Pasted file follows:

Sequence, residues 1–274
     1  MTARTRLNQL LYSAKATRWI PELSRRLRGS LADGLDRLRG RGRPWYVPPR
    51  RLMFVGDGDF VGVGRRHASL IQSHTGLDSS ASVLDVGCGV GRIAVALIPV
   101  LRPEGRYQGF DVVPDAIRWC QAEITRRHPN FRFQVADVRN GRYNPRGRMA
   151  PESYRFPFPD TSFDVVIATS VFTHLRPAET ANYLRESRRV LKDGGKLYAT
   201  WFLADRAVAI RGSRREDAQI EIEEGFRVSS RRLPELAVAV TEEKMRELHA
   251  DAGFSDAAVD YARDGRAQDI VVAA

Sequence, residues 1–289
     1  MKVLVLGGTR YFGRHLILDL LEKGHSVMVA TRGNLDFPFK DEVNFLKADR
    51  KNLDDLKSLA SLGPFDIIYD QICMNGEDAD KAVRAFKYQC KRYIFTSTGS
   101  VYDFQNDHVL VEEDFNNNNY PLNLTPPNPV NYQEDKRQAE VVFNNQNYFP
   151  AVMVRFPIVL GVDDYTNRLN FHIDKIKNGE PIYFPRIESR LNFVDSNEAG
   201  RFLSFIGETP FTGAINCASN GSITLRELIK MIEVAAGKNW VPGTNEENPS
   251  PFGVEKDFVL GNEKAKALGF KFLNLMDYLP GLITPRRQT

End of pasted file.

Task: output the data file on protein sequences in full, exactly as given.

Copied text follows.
Sequence, residues 1–274
     1  MTARTRLNQL LYSAKATRWI PELSRRLRGS LADGLDRLRG RGRPWYVPPR
    51  RLMFVGDGDF VGVGRRHASL IQSHTGLDSS ASVLDVGCGV GRIAVALIPV
   101  LRPEGRYQGF DVVPDAIRWC QAEITRRHPN FRFQVADVRN GRYNPRGRMA
   151  PESYRFPFPD TSFDVVIATS VFTHLRPAET ANYLRESRRV LKDGGKLYAT
   201  WFLADRAVAI RGSRREDAQI EIEEGFRVSS RRLPELAVAV TEEKMRELHA
   251  DAGFSDAAVD YARDGRAQDI VVAA

Sequence, residues 1–289
     1  MKVLVLGGTR YFGRHLILDL LEKGHSVMVA TRGNLDFPFK DEVNFLKADR
    51  KNLDDLKSLA SLGPFDIIYD QICMNGEDAD KAVRAFKYQC KRYIFTSTGS
   101  VYDFQNDHVL VEEDFNNNNY PLNLTPPNPV NYQEDKRQAE VVFNNQNYFP
   151  AVMVRFPIVL GVDDYTNRLN FHIDKIKNGE PIYFPRIESR LNFVDSNEAG
   201  RFLSFIGETP FTGAINCASN GSITLRELIK MIEVAAGKNW VPGTNEENPS
   251  PFGVEKDFVL GNEKAKALGF KFLNLMDYLP GLITPRRQT